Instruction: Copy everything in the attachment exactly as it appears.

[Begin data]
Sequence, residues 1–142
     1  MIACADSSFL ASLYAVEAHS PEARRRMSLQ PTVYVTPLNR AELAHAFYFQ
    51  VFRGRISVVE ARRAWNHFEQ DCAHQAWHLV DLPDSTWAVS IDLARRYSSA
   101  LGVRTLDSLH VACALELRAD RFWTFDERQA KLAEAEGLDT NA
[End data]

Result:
Sequence, residues 1–142
     1  MIACADSSFL ASLYAVEAHS PEARRRMSLQ PTVYVTPLNR AELAHAFYFQ
    51  VFRGRISVVE ARRAWNHFEQ DCAHQAWHLV DLPDSTWAVS IDLARRYSSA
   101  LGVRTLDSLH VACALELRAD RFWTFDERQA KLAEAEGLDT NA